The way we view a place is, in part, the associations we have with the sound. I will always remember my months at Lincoln College, Oxford for the bells that rang through the city in the evening. I will remember Izmir, Turkey for the peddlers walking down the street calling out “Aygaz,” followed by a dinging bell, and Izmir, again, for the mosque calls ringing through the cannoned walls of apartments in the morning’s early hours like a thousand voices calling out all at once.

photo-38When I return to my home in Santa Cruz, I am always stunned by the purity of the silence at night, in the morning, and how it seems to flood over me like a blessing, my whole body giving itself to a quietness so beautiful, so rare and set aside from other experiences of places I know that it feels I enter into a kind holy space–my whole body sighing in a kind of inner relief.

But of course sound can be more than noise. It can also be beautiful–the voice of the ones we love is always a sound that resonates in our hearts with happiness, and what could be a better antidote to noise than that sound which is like music?

A couple of weeks ago, I discovered Franco Corelli’s voice as I was looking up “Torna a Surriento.” What a magnificent presence his voice has–rich with the intensity and depth of life that wells up from the longing in the soul that opera evokes so well, bringing the listener totally inside the moment of the sound rising from the singer’s body. Here is Corelli singing “O Pase d’ ‘o Sole.”

The noise of the world only makes sound and silence all the more precious.

What do you hear today? What are the sounds around you telling you?


What Ties You to Where You Live

Coast above Santa Cruz at Año Nuevo

It’s a beautiful day here in Santa Cruz, California. The sun shines off the oak trees as I sit in front of the post office, observing the wonderful kinetic sculpture at the front of the mall, Santa Cruz’s main downtown street, with its silvery wheels inside of wheels spinning, turning, and reflecting the morning sun coming down. If you stand at the ocean’s edge on West Cliff Drive, you can see 50 miles across the bay to Monterrey. Further up the coast you can walk along the cliffs near Wilder Ranch and stare out past the waves into the plain of stretching water and the fabulous sense of freedom it evokes.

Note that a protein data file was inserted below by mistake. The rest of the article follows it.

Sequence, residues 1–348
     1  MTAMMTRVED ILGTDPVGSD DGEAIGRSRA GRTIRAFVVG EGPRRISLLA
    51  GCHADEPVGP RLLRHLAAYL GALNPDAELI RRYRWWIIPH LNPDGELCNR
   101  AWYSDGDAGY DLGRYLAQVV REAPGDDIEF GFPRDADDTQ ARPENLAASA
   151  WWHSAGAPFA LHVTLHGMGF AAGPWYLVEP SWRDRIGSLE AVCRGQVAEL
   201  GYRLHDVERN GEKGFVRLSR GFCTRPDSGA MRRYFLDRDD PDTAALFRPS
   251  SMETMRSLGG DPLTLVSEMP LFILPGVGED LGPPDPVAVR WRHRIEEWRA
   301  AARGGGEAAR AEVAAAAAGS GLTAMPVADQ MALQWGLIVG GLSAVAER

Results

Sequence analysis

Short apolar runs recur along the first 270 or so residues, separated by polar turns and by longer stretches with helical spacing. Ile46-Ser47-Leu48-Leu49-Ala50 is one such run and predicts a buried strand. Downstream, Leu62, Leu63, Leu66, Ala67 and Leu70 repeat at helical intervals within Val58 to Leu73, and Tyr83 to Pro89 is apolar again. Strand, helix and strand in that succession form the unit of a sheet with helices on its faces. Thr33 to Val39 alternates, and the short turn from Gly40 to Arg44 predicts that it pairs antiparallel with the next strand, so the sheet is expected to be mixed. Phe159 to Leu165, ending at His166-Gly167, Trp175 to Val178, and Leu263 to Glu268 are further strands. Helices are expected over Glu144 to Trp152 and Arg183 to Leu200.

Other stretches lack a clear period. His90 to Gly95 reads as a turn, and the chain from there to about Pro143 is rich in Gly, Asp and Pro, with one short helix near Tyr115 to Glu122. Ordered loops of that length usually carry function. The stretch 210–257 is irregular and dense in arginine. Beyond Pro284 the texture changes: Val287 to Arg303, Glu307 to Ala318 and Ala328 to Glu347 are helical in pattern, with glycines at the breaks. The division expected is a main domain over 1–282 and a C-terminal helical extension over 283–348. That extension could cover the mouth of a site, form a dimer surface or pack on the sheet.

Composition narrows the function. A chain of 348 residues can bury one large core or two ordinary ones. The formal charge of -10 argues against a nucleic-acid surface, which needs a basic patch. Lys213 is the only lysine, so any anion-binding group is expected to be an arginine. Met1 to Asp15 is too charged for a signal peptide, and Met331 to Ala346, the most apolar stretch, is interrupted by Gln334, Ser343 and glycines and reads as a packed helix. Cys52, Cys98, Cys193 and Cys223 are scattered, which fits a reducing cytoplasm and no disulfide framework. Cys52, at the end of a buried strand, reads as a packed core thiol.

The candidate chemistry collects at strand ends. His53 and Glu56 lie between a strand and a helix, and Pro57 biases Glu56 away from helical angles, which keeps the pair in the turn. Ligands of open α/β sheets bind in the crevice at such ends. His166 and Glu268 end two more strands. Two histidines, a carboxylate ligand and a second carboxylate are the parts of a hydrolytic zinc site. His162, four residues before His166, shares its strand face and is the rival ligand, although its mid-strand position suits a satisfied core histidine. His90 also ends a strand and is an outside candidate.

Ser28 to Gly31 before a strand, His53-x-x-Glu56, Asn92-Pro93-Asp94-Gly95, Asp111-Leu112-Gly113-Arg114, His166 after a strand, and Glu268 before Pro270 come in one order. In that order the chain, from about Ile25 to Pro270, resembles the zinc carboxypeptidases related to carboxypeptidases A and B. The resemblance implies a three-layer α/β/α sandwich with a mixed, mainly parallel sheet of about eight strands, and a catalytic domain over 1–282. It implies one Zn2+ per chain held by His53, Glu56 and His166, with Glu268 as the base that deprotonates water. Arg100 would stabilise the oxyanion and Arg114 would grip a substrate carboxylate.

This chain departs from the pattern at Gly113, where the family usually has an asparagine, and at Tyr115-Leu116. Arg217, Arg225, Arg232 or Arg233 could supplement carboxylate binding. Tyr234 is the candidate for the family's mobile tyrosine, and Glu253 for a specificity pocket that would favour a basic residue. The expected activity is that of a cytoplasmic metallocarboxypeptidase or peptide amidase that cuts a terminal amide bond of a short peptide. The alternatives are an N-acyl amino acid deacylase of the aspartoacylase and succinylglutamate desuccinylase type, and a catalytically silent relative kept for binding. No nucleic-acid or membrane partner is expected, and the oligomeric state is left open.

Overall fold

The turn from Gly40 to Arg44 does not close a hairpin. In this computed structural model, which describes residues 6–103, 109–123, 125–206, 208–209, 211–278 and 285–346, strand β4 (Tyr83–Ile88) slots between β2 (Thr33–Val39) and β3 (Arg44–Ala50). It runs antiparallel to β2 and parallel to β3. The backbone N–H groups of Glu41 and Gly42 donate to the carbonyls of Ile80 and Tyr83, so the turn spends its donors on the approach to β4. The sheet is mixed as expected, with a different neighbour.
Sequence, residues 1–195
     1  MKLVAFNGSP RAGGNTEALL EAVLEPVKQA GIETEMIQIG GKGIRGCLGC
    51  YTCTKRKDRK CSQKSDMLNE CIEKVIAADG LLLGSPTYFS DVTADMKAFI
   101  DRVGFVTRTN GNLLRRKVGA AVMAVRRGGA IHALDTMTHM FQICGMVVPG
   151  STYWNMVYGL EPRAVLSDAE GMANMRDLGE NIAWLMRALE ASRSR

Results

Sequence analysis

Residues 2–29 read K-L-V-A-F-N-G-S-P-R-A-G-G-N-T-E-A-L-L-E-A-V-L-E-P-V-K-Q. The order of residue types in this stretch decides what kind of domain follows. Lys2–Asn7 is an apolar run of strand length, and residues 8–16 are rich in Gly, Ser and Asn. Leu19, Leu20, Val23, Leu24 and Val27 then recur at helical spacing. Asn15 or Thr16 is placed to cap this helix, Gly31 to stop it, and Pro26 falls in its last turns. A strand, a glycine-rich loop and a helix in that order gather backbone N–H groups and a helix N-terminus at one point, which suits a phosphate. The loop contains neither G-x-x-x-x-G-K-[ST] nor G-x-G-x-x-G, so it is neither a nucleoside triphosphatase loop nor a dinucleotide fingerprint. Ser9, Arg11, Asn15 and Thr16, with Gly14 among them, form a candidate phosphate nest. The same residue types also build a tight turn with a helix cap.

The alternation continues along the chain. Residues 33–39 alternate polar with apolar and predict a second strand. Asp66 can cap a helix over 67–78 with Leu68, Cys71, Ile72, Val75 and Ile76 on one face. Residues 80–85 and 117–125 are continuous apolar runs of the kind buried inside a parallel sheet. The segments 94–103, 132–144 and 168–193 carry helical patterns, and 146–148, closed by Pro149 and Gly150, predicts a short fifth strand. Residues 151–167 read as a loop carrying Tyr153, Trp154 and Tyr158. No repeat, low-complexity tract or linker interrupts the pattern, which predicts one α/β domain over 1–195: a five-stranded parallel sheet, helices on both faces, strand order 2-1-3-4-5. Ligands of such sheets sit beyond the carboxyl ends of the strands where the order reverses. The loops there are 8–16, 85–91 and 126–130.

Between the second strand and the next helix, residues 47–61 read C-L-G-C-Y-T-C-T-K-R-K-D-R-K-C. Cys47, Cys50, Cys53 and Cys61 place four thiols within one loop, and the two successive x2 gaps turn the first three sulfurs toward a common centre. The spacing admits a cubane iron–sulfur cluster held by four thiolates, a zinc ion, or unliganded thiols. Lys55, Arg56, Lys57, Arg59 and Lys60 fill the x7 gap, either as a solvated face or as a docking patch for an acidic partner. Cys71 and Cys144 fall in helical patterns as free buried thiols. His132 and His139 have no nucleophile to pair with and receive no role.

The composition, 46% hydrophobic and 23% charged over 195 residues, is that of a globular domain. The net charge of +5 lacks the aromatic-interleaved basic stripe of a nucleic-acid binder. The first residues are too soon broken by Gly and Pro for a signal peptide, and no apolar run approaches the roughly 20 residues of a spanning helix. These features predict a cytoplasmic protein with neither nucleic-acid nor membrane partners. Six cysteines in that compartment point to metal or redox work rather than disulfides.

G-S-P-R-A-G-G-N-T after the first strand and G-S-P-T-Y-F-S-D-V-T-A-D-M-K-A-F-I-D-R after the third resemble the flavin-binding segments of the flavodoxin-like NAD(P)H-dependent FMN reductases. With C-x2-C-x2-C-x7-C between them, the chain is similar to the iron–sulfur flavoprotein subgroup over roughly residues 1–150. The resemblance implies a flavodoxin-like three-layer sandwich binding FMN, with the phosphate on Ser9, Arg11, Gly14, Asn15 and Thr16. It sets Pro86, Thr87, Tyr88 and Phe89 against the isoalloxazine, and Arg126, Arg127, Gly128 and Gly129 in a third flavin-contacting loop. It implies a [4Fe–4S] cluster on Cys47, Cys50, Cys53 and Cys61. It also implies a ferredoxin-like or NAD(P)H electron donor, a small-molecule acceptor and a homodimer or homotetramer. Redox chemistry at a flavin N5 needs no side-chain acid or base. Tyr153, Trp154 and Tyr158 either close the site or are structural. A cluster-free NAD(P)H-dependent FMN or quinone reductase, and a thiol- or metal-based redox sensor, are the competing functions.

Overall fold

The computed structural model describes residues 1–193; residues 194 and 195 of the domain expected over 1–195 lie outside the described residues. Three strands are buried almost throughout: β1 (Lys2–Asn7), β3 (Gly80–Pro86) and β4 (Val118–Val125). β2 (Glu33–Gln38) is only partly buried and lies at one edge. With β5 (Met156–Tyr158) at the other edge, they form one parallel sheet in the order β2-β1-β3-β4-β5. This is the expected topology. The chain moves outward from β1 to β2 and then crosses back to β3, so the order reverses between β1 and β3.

photo-31I’m sure that people love the towns and counties they live in for a variety of reasons. Santa Cruz is a wonderful place to live and to spend time. Something I especially love about the area is the wide variety of people here. The town has a strong sense community, and you can also enjoy diverse outdoor activities in the area: hiking, kayaking, surfing, biking. I love books, and Bookshop Santa Cruz in downtown Santa Cruz, with its wide variety of reading choices, is a fantastic place to while away several hours. Also, the presence of the University of California, Santa Cruz and Cabrillo College offer additional character and interest to the town. Shakespeare Santa Cuz is held every year at UCSC, and Cabrillo College has its music festival. Additionally, there are many choices of restaurants to try and several farmers markets to buy locally grown food.